We will first examine the charge of fraud against defendant Buhl. Ratner, it is asserted, was over his depth with salesman Johnson and was cozened into an improvident purchase by the arts and wiles of deceit. Thus he relied upon Johnson's false and fraudulent or reckless (Wettlaufer Manufacturing Corporation v. Detroit Bank, 324 Mich 684) assertions that the Coleman furnace would do the job, that its average final consumption was thus and so, and that its maintenance was nil. But Johnson's duplicity, it is asserted, did not stop here. For, it is said, he knew that the furnaces in the Goddard *426 project bore a certain model number (90), but he, with this knowledge, either knowingly or recklessly supplied Ratner with another model number 90-A. It is, says plaintiff, just as though he were shown and purchased a corner lot, only to have some other lot description placed in the deed. Smith v. Michigan Realty & Construction Co., 175 Mich 600.
So far as Johnson's assertions as to the merits of the Coleman furnace, that it would do the job, that it was miserly in its consumption of fuel, and the maintenance nil, we are here in the realm of what the common law has for years termed "puffing," a salesman's praise of his own property, involving matters of estimate or judgment upon which reasonable men may differ. Ordinarily these are not regarded as actionable, even though the vendee's joys of realization fall short of those of his anticipation. The reason for this lies in the realities of commercial intercourse. As Judge Learned Hand put it in Vulcan Metals Co. v. Simmons Manufacturing Co. (CCA), 248 F 853, 856:
"There are some kinds of talk which no sensible man takes seriously, and if he does he suffers from his credulity. If we were all scrupulously honest, it would not be so; but, as it is, neither party usually believes what the seller says about his own opinions, and each knows it. Such statements, like the claims of campaign managers before election, are rather designed to allay the suspicion which would attend their absence than to be understood as having any relation to objective truth."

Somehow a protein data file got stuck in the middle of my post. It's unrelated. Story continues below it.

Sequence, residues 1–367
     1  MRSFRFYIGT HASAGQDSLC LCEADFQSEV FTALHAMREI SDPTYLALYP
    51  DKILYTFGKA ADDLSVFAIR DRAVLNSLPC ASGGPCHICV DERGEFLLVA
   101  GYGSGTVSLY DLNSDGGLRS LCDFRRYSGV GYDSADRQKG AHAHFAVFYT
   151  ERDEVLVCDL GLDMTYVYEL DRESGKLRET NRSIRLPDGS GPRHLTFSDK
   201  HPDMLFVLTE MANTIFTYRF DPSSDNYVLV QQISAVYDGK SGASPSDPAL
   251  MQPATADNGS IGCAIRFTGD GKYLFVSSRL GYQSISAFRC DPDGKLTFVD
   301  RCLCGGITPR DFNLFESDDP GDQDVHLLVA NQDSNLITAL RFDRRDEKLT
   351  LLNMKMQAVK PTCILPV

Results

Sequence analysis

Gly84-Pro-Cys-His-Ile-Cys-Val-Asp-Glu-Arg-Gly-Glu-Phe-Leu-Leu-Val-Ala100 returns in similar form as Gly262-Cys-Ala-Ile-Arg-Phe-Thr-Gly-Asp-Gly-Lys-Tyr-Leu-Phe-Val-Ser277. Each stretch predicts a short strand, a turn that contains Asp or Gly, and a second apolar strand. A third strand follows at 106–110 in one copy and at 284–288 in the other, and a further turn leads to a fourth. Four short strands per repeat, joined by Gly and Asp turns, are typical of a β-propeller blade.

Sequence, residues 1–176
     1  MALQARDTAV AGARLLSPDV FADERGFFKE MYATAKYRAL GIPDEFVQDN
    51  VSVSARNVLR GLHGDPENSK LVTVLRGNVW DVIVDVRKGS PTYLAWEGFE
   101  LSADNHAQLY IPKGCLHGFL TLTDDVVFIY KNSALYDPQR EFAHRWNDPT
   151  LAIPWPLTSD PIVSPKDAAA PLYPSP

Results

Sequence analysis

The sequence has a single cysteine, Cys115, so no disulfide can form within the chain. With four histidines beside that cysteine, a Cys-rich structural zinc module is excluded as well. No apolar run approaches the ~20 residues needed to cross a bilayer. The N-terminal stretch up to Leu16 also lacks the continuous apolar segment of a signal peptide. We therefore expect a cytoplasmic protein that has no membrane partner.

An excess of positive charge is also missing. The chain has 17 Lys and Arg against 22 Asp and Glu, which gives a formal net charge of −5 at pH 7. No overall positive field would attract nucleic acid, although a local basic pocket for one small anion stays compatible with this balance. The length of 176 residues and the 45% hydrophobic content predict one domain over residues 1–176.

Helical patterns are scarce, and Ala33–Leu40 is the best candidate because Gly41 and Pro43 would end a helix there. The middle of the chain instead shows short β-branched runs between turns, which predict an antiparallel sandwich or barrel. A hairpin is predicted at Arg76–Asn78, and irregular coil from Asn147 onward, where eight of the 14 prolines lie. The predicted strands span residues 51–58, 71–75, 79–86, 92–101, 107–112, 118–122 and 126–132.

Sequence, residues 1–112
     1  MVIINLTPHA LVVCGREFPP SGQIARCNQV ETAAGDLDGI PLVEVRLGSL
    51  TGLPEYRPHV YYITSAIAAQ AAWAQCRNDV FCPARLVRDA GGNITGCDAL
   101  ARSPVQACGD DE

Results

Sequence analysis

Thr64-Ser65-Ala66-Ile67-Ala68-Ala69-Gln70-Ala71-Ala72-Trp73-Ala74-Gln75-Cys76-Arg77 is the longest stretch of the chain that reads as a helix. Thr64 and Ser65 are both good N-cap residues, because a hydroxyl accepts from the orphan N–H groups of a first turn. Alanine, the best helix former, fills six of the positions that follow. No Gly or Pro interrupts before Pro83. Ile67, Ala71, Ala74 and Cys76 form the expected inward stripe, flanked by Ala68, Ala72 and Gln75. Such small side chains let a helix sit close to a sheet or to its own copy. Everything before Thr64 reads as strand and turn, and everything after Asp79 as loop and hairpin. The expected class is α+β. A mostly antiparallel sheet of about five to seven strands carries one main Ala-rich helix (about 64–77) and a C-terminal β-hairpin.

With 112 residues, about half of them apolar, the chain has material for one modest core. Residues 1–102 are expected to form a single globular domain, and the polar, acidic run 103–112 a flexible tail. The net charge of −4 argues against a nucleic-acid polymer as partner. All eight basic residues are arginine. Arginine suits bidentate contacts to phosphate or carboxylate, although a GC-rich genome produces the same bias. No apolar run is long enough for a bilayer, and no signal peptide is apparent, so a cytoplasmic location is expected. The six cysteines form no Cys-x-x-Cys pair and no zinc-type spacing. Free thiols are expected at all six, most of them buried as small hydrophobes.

See, also, Truman v. J.I. Case Threshing Machine Co., 169 Mich 153; Camden Fire Insurance Co. v. Peterman, 278 Mich 615, 619.
The relationship of the parties may, however, impose more stringent requirements. One party may have special knowledge and the other none and without the means of getting it. In this case the latter *427 cannot fairly and reasonably exercise his own judgment. The parties, therefore, do not stand on equal terms and the buyer has a right to rely upon the representations of excellence made by the seller.
In the case at bar, appellant urges upon us that we are in the above area of fraud, that Ratner "clearly was not on a par with Johnson, and this is particularly true where the Coleman furnaces were concerned." It is pointed out to us that Ratner knew very little about furnaces, nothing about Coleman farnaces, and that he had "never installed a furnace in his life." Nevertheless, we share the reluctance of the trial court in accepting Mr. Ratner as the gullible and trusting buyer pictured to us. His experience in building was substantial. In this part of the country heating plants are an integral part of habitable construction. Nor did he stand alone and unprotected. He had a professional adviser an architect. It is clear that he did not rely blindly, if at all, upon Buhl's representations. He prudently checked them, not only with another owner but with another heating contractor. Means of knowledge were open to him and the degree of their utilization was circumscribed in no respect by defendant Buhl or its agent, Johnson. As a matter of fact, the extent of Ratner's trust in Johnson, as described to us, challenges our credulity. He was told by Johnson, he says, that "the maximum fuel consumption would be 5-1/2 gallons per average heating day." This, it is asserted, was a representation, both false and material, known to be such, or recklessly made, and upon it Ratner relied, to his sorrow and his loss. But it would seem that upon even the most casual reflection such a statement, if made, would be totally devoid of persuasive meaning. Even if we define an "average" heating day in some reasonable manner (as to which the record is silent) the oil consumption on such a day would obviously depend upon the *428 needs of the individual household. Are there infants in the family? Old people? Is the housekeeper careful about keeping the apartment doors and windows closed? Johnson flatly asserts that it would be impossible to give an actual gallonage rate per day and that he did not do so.